2) And that, all-in all, makes up a middlegray area. This does not mean that is has to be grey but that the tonality of the red, blue, yellow, white, black and all colors possible in that scenery has to make up a tonality of middlegrey.

3) You lock that exposure measuring by pressing the shutter release half down.

Inside the viewfinder you will see that the top ret dot between the shutter time is lit up red. That means that you have locked the exposure.

After doing this for some hours or days you will get the feel in your finger so you simply know you locked it and won't give much thought to if you got it or not. You know you did.


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Be aware that if you have set the Advance of the shutter release to Soft in the menu, locking the exposure is not possible as that half press down of the shutter is where the shutter is activated when set to Soft.

In this case Tue points the camera down to the right where there is shadow and a good mix of colors and tones that makes up a middlegrey, and that is recieving the same amount of light as the shadow side of the people approacing him.

Thus the camera and the lightmeter sees this:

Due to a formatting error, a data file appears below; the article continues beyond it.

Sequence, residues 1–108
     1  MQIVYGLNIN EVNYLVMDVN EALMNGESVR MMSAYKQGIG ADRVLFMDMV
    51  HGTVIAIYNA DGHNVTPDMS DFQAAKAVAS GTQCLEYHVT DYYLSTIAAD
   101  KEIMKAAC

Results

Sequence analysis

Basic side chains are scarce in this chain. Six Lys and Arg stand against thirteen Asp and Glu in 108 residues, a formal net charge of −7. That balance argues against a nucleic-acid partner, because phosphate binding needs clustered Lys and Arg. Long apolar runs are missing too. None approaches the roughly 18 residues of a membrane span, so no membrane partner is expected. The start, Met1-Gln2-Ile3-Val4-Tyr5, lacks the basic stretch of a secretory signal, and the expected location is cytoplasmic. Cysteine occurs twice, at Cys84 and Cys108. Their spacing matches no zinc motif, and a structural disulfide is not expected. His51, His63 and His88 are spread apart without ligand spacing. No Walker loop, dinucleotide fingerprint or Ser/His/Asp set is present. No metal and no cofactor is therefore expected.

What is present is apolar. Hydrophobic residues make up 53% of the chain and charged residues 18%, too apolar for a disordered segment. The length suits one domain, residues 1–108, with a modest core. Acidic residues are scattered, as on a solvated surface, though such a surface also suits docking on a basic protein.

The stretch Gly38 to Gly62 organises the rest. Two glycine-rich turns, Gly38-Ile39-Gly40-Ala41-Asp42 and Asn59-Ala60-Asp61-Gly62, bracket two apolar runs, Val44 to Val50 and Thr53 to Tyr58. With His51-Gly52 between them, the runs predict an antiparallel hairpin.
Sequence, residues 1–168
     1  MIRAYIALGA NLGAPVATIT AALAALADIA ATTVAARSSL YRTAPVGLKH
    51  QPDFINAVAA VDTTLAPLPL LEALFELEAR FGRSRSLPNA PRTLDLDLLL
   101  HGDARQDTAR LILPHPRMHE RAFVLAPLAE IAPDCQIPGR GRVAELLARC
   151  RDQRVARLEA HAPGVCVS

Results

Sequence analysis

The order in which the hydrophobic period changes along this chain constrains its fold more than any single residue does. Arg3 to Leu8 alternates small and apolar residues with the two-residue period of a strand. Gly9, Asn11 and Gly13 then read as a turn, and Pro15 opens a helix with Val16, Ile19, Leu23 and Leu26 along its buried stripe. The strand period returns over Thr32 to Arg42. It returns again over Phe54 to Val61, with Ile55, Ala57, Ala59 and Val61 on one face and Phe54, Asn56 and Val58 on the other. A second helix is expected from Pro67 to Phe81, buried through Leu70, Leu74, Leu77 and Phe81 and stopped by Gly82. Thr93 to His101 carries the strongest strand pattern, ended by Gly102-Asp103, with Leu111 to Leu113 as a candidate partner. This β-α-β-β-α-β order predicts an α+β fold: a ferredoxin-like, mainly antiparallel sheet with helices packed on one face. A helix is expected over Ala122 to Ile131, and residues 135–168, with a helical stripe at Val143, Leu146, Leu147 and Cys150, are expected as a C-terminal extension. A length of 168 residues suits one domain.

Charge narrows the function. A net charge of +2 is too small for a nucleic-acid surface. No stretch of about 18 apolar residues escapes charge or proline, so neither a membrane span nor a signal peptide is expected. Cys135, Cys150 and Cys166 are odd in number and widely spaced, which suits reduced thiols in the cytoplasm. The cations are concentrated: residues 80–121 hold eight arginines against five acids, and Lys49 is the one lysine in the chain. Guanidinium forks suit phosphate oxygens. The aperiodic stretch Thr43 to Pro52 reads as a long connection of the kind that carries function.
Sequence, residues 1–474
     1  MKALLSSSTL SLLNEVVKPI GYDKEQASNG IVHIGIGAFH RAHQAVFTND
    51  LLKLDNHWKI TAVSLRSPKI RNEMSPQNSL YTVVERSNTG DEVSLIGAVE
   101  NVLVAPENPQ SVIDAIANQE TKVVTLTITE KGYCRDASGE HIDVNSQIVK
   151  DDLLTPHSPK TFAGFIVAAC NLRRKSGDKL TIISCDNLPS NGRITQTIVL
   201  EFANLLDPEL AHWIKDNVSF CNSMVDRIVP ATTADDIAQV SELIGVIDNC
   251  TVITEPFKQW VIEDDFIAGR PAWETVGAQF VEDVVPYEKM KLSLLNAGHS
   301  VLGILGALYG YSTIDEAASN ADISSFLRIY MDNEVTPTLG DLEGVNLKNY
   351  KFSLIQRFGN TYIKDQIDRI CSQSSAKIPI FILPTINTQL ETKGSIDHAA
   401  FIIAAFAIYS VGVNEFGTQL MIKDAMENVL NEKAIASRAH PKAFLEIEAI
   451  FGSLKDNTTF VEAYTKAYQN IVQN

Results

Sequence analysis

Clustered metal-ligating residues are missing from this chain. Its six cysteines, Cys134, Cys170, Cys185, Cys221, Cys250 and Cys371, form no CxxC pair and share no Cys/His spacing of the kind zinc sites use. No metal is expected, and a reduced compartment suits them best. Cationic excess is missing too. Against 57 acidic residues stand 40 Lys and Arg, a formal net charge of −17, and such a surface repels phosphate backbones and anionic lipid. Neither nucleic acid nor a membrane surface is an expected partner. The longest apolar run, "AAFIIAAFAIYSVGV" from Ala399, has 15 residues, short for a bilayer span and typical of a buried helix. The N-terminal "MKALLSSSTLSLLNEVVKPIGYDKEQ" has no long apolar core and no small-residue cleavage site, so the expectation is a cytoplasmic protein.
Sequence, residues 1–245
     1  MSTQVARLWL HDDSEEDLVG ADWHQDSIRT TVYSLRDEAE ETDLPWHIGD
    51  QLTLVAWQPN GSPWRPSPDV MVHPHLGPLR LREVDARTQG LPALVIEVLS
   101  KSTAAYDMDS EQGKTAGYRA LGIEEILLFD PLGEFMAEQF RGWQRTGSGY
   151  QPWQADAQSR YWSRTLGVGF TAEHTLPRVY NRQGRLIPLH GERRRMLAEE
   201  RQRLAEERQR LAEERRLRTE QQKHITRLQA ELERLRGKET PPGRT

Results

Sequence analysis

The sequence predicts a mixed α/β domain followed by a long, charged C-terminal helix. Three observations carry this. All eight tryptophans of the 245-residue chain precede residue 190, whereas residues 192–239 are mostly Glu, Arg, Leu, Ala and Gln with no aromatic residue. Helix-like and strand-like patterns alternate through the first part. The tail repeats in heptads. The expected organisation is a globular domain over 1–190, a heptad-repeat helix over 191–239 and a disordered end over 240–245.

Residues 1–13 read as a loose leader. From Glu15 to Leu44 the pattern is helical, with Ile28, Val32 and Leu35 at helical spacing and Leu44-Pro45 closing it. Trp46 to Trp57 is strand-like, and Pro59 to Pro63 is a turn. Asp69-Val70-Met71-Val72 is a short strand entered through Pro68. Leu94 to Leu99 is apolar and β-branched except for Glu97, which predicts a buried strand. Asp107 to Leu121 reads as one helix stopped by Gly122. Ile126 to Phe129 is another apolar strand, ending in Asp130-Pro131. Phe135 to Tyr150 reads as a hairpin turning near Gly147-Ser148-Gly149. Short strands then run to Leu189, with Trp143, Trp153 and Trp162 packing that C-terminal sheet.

And with the exposure locked to the shadow area, the exposure will blow out the background but make the foreground in the shadows correctly exposed:

The lightmeter measures this to be 1/500 of a second exposure by pointing the camera towards a shadow area first and lock the exposure to that. Leica M9 with Leica 35mm Summicron-M ASPH f/2.0.


Mission accomplished!

  The shutter time is shown in the top left corner of the preview. If the exposure looks right, you may set that shutter time on the shutter time wheel on top of the camera.

This method will give you the correct exposure. You may then choose to 'go manual' if you are shooting more photos under the same light conditions and don't want to point the camera and lock the exposure every time.
This you do simply by looking at the exposure time in the top left of the preview window and then set that shutter time on the shutter wheel on top of the camera.